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TO Health! builds online health sciences hub in Toronto

Vice-President Research and Innovation Vivek Goel is co-chair of TO Health! (Photo by Johnny Guatto)

U of T’s VP research and innovation, Vivek Goel, announced as co-chair of the organization

Boosting Toronto’s reputation as a leader in health sciences means bringing the industry online. 

That’s according to TO Health!, an industry-led organization that looks to strengthen the city’s health sciences “cluster.”

Clusters are geographical regions where certain sectors (like technology, culture or finance) are thriving thanks to an interconnected web of private and public sector groups. 

Read more about clusters here 

TO Health! is hoping its online forum, called Toronto Health Hub, can connect and strengthen ties between businesses, government, academics and research institutes. It’s a one-stop-shop for the latest news, events and hot-topics in the industry. 

“This is a way for us to really understand where the news is coming from in the Toronto region,” says TO Health! director and U of T alumna Ella Korets-Smith.

The University of Toronto's Vivek Goel, vice-president, research and innovation, has been appointed co-chair of the TO Health! initiative. 

U of T News spoke with Goel about his new appointment and the value of successful clusters.   


What’s the Toronto Health Hub all about? 

Toronto Health Hub is a platform built off of a technology developed by a local company, Pressly.com .

One of our biggest challenges is that we have so many organizations and entities that it’s really hard to keep up with what’s going on. 

The idea of the Hub is to create a virtual space that will connect all these different groups – the public and private sector, academia, governments. Listed there will be things like events that are coming up, new reports, opportunities for financing. It’s really meant to be a place where any user can go to find out what’s happening in the region. Through that we will be able to do a better job of capturing the activity and better presenting to the outside world the range of activities that are happening in the region. 

Because we are a much larger community with literally thousands of people, you have to have some tools to make those personal connections.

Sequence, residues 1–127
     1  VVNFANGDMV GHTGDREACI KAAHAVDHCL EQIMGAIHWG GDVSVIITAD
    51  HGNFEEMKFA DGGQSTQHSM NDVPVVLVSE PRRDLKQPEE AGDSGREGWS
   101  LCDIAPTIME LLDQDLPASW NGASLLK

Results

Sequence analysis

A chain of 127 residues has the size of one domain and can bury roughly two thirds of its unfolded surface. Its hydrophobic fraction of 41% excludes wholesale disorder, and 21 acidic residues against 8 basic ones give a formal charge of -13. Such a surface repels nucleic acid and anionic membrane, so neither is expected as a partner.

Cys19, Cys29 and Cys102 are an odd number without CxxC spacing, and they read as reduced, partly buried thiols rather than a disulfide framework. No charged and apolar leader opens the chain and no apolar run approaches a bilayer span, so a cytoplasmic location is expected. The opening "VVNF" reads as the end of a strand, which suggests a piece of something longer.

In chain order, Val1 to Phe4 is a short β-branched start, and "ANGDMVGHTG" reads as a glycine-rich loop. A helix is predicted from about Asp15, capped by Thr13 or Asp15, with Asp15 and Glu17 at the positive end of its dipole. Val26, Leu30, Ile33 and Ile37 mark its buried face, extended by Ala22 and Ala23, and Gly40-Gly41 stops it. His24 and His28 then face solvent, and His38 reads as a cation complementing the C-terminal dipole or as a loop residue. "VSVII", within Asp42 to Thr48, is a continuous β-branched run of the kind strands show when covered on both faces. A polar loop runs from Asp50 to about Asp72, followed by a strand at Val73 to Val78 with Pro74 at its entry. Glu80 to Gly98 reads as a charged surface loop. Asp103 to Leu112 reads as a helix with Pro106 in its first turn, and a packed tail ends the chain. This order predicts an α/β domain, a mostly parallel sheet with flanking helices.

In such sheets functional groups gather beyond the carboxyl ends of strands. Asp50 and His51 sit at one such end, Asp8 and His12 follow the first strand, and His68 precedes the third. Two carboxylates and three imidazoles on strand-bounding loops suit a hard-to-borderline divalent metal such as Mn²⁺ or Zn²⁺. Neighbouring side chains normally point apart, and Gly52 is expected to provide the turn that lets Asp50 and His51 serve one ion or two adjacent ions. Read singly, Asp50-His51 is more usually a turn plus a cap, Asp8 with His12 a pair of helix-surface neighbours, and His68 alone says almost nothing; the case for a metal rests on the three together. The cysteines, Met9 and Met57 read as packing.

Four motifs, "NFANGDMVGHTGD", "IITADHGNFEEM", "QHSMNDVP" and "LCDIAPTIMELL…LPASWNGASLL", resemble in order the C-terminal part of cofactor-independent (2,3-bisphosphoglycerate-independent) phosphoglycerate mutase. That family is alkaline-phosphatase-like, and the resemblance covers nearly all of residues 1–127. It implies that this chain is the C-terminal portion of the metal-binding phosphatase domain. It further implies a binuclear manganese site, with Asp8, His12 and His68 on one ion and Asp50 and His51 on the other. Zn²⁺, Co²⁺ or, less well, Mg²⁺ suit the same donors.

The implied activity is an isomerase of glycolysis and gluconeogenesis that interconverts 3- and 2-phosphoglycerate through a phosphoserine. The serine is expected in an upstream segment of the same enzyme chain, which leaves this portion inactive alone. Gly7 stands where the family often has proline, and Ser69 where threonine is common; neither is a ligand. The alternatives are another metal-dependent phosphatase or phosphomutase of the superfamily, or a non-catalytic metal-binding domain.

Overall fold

It’s like the Facebook for the health science professionals in the region…

Pressly.com is a social platform so it has those connection features to it. It allows for sharing of reports and so on. I think the platform enables for a lot more connectivity than Facebook alone would have allowed for. It is definitely around building a social community using tools while enabling a physical cluster. 

It seems like a great way for students and grads to connect with people in the health sciences industry as well… 

Absolutely. And in fact, a lot of what students and new graduates need is to know where the events are. The idea is for all these groups that are running different activities to have one place to market them and raise awareness on what’s happening. 

Why is it important for TO Health! to have academic representation in its leadership?

TO Health! is a group that got pulled together primarily by industry but with engagement with universities and research hospitals in the region. Former U of T president David Naylor was one of the original co-chairs. 

What this organization is really about is taking all the wonderful things that are happening in many different parts of the city whether it’s in hospital research institutes, university or in industry settings or in government. 

It’s not anything one sector – whether it’s the academic side or the industry side or the government – can do on its own. So it is important in terms of the leadership, the co-chairs are really coming from the private sector and the public sector. 

What’s the value in thinking of the health sciences industry in Toronto as a “cluster”?

The research is pretty clear that globally, the most intense innovation and development work is happening in geographic regions where there are strong clusters that really bring together a number of different elements.

First and foremost is talent – you have the people that have whatever the required skills are for a particular area. In the health sciences area, we have a significant amount of talent. We graduate about 10,000 students in health sciences areas alone in all universities and colleges in the Toronto region every year. We are also attracting talent globally to the very diverse city we have.

Second, you need to have a concentration of industry that can build the ecosystem. We need big players – we have the head offices of major companies and we have small companies – medical device and biotech companies – and we have different types of startups. 

The final piece is having access to capital to help you grow your technology and businesses that will be able to develop and apply the technology to our community and take it globally. 

Clusters are really important because they bring these and many other elements together in a defined area and you have that interaction between people. The more we are doing things virtually, the more you have the need for some places that have that connectivity. That’s why you see this pattern globally of moving to these intense clusters in different area.